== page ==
Unlikely balancing act struck as deal hammered out in unconventional way
Easy money is hard to come by. That's the message Paschal Donohoe is hoping trade unions will take back to their members after the latest round of pay talks ended without any notable rancour.
The country's 250,000 State employees were only getting up for work yesterday when news filtered through that they are in line for a pay rise averaging between 6.2pc and 7.4pc over the next three years.
It must have felt like something of an anti-climax because pay talks tend to follow a familiar script.
Both sides talk up their positions in advance. The Government will stress how the public purse is under pressure from all quarters and there simply isn't enough to go around.
The unions argue that workers have played their part and deserve to share in the fruits of the country's success. Their members are overburdened and under-resourced.
When they all gather around the table, both sides initially adopt a radio silence. Day after day they walk in with stacks of documents and give brief soundbites about how 'nothing is agreed until everything is agreed'.
As the discussions drag on, they begin sitting late into the night. Journalists camp outside waiting for any snippet of news, texting sources inside in the room in the hope they'll give a hint of what's going on.
And then there's a big moment. Somebody walks out in a huff, declaring that the offer on the table is simply an insult and they would never consider putting it to their members.
A few days of posturing follows before another all night session that ultimately leads to a breakthrough.
In this case, the usual sequence of events was followed in the initial stages up until the point of the expected bust-up.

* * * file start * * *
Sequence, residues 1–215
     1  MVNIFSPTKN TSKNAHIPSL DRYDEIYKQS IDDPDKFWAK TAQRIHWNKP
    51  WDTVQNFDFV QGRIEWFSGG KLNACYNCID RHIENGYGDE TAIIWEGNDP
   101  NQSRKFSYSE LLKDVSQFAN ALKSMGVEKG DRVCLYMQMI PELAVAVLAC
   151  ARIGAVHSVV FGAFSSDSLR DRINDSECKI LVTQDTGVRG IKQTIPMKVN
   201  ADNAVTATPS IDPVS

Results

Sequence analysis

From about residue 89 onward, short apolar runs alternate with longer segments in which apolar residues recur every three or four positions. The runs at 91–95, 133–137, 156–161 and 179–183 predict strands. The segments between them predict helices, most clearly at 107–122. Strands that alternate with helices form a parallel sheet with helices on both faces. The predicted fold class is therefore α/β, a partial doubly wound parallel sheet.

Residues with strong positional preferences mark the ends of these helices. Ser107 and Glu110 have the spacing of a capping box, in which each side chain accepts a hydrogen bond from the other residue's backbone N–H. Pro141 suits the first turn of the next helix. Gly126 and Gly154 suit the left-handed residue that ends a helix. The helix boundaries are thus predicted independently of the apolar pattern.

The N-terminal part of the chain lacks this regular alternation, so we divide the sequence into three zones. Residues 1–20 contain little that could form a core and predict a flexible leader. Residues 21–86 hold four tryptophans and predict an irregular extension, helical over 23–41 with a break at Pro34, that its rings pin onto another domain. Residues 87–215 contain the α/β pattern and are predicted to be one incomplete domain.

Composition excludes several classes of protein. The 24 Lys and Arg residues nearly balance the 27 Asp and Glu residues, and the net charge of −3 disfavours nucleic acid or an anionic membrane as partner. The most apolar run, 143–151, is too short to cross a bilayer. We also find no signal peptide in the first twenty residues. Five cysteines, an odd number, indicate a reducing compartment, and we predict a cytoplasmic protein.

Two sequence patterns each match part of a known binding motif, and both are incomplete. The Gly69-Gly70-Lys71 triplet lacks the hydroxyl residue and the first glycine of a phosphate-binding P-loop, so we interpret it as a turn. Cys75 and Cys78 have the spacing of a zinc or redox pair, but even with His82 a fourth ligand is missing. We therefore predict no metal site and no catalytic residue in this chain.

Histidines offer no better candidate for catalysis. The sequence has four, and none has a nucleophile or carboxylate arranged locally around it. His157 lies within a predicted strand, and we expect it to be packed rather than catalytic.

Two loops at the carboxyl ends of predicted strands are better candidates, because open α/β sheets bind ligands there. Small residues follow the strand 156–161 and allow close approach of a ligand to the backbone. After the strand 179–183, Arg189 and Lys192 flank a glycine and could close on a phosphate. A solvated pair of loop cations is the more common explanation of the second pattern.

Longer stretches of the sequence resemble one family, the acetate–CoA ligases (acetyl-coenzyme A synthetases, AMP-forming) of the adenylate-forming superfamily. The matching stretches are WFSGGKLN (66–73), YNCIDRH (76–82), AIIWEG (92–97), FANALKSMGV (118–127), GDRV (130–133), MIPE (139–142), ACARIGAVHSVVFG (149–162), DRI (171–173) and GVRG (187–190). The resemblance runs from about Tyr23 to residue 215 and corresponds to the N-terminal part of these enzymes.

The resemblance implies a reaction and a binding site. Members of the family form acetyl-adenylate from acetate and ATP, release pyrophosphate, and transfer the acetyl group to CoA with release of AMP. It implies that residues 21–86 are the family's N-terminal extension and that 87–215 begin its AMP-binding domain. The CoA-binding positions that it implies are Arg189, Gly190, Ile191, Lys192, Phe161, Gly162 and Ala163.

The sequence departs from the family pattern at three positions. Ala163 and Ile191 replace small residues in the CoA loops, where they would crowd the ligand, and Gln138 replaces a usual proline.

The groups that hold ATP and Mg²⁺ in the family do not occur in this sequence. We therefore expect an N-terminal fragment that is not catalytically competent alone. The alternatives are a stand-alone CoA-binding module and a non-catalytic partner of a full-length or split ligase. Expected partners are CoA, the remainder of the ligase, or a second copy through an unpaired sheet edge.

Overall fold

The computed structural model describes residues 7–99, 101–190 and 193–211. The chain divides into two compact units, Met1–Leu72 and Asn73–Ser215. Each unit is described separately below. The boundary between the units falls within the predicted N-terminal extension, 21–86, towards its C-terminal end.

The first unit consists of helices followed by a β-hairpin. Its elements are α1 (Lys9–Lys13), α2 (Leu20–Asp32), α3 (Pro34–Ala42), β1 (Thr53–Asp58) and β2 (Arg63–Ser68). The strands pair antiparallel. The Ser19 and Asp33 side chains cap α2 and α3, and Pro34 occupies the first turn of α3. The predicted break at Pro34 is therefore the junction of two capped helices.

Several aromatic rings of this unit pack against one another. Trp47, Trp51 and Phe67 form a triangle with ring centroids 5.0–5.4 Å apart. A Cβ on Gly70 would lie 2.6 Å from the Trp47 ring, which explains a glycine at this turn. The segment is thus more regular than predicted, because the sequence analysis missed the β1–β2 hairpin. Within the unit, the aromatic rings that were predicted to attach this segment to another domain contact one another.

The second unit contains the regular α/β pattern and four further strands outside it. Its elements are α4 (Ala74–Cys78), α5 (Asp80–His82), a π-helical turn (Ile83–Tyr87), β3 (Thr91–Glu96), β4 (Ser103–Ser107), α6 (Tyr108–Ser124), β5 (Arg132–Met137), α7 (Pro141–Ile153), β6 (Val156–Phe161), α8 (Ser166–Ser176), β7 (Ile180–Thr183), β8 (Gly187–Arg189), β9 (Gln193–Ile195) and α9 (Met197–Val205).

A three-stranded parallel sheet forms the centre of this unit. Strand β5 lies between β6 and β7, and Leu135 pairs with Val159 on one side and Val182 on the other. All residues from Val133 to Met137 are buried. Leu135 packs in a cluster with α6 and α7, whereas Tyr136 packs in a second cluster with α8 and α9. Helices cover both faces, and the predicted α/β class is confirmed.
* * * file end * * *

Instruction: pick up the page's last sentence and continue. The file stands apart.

Instead, it appears, on the surface at least, that Mr Donohoe and his officials have managed to perform an unlikely 'balancing act'.
He has managed to turn the so-called 'Croke Park hours' into the 'norm'. As a compromise, workers - such as teachers and nurses - can opt out of the extra 27 minutes a day they were required to work for free - but if they do, their income will drop. In other words, they are no longer 'unpaid hours'.
Mr Donohoe has turned the emergency 'pension levy', which was brought in as the economy collapsed, into a permanent 'superannuation contribution'.
One department source described the pension changes as the "big, big prize for the Exchequer". It will be worth €550m a year.
On the flip side, the unions get to tell 90pc of their members that by 2020 their pay rates will be back at pre-crisis levels or higher.
Ultimately both sides will be able to claim that the Financial Emergency Measures in the Public Interest (Fempi) are dead.
Mr Donohoe described the deal as affordable, saying "we are not going back to wage levels or total compensation levels that ultimately proved unaffordable to everybody".
It seems €887m is a "fair" price for industrial peace.
But many in the private sector will now be anxiously awaiting the Government's Summer Economic Statement (SES) - which is due later this month or early July, depending on how quickly the new finance minister, who may well be Mr Donohoe, digs into their brief.
The SES will set out how much money is available for fresh tax cuts and spending increases in 2018.
Expectations are high but anybody thinking there will be another €5 top-up for pensioners and carers might find themselves wildly disappointed.
The reality is that there will be little more than €500m to play around with and €180m of this is now off the table. As a result of the pay deal Budget 2018 is going to be an even more delicate balancing act.